Of my unpublished stories, the one I’m closest to is the abovementioned novel that shares a world with The Summoning of Spirits… It’s the first novel I’ve written that felt like I really got it right. (I have 5 others, only one of which is currently making the rejection rounds — the rest are locked up tight.) I love the characters and their colliding worlds, the way I can have a punk rocker trying to protect a ballerina, or a tax auditor who hides computer codes in jazz. I grew up with music, then moved into dance when I took up lighting in college, so the world is one in which I feel very much at home, and I hope others will recognize something of themselves in it, too.
As for the published stories, How to Raise a Human was a big one for me. It was accepted by Apex Digest in 2006, and while I was watching Jason Sizemore’s blog, anxiously awaiting any news about when it might come out, I saw his posting for a new slush editor. I’ve been reining in wayward words ever since.
Where would you most like to live?
Where I live now, in the woods of northwestern Washington, suits me just fine. I can’t think of a place I’d rather be, though I’d love to visit the Yukon Territories one of these days, and I enjoy traveling to conventions or to visit family and friends when I have the chance.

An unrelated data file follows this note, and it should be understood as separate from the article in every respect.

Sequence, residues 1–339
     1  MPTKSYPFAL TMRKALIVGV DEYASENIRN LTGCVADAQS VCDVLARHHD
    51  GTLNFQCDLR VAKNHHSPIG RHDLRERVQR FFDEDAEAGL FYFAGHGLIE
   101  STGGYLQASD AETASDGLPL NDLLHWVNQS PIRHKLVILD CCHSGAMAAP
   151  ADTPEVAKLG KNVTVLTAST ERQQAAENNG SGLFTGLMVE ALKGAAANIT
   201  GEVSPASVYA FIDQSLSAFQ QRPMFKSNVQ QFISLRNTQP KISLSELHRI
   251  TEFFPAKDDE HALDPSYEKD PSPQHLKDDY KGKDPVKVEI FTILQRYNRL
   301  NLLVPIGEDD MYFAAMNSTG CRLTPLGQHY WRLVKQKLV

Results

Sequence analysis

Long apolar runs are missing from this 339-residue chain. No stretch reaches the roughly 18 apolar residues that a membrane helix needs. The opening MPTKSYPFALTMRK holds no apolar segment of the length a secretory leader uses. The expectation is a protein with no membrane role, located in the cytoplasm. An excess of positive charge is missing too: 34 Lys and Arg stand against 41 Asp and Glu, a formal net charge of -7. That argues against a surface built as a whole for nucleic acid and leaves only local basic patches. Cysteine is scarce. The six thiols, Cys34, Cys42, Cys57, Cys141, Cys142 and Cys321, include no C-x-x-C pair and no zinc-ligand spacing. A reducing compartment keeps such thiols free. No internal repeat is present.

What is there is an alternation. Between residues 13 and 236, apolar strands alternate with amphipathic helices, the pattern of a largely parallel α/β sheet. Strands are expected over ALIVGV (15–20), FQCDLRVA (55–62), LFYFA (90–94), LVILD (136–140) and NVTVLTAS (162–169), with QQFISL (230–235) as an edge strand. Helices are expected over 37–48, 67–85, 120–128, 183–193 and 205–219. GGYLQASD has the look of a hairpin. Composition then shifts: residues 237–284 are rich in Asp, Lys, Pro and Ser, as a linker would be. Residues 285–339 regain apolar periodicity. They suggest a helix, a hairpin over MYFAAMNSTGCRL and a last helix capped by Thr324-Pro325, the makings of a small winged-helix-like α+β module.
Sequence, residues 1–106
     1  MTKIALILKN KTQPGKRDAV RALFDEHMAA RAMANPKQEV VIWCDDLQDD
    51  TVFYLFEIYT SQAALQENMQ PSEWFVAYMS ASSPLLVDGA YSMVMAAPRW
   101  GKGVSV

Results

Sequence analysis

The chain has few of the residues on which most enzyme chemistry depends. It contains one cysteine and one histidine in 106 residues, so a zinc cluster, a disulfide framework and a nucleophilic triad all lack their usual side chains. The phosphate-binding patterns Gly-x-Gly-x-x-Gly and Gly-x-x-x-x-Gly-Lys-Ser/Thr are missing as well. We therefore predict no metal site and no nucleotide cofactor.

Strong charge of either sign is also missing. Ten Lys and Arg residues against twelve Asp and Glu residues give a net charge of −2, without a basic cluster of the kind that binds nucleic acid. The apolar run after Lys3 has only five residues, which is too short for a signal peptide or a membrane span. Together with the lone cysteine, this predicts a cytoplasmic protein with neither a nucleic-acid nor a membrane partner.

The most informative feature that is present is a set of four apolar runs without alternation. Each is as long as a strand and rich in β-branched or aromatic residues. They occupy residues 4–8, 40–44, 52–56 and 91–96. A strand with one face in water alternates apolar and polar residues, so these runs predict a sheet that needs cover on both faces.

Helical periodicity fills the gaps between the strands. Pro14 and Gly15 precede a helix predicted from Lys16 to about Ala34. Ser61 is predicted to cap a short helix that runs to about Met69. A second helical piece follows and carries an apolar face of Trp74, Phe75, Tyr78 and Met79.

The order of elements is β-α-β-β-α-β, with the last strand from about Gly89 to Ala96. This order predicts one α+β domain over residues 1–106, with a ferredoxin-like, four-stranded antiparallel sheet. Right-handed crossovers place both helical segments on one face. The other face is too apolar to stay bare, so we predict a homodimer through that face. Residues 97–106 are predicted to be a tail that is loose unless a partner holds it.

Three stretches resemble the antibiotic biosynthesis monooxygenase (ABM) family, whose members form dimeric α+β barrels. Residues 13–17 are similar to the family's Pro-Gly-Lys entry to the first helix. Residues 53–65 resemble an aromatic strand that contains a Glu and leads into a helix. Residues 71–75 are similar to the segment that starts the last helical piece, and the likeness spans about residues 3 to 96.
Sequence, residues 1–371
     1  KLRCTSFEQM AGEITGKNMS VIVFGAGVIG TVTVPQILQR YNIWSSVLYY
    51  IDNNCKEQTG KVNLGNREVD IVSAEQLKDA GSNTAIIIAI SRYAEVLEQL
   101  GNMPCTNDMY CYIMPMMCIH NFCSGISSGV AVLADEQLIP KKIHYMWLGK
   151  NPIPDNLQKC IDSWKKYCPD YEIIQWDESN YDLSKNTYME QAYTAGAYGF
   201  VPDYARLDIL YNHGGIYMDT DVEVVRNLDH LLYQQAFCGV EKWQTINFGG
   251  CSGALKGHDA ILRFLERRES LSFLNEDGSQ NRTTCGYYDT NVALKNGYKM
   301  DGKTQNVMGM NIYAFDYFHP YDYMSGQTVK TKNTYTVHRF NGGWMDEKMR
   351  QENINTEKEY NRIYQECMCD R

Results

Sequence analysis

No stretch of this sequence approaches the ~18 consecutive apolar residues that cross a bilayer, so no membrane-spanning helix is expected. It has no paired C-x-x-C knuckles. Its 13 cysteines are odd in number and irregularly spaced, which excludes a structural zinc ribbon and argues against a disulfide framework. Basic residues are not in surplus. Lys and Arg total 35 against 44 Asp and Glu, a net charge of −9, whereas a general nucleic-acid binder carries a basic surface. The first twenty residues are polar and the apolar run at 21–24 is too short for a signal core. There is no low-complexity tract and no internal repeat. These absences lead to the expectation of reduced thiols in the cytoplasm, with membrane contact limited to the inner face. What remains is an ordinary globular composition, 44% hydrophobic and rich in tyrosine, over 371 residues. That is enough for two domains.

I vastly prefer cold weather to hot, so the climate is to my liking and all that rain does a fabulous job keeping the trees green and the Idea Slug happy and productive in its musings.
What’s your favorite punctuation mark?
I must confess to a love of umlauts. It probably stems from being a Queensryche fan in my youth (I’m still a fan as long as your playlist doesn’t go much beyond Operation:Mindcrime). It is my great sorrow that I can’t figure out how to get an umlaut to appear correctly in an email.
What natural talent would you like to have that you don’t?
The ability to make pancakes. I am pancake-impaired and have resigned myself to having scrambled pancakes any time I want to eat them without going to a restaurant. It’s actually not bad, especially if you scramble some sausage in with them.
I used to work as a cook for nuns (yes, you read that right — it was that job with the convenient garden-adjacent window), and when they hired me, I told them the one thing I could not do was make pancakes; the other cook would have to be assigned the “breakfast night” they had once a month.
The first week I was there, I was assigned to breakfast night.
I tried my best, but all I had was a runny mess of goo. Fortunately, the old cook was still around to save my butt, but they never gave me breakfast night again.
I can also kill a sewing machine with the slightest touch (I once killed three within the space of an hour), but I’m okay with my lack of seamstress talent. I prefer power tools anyway.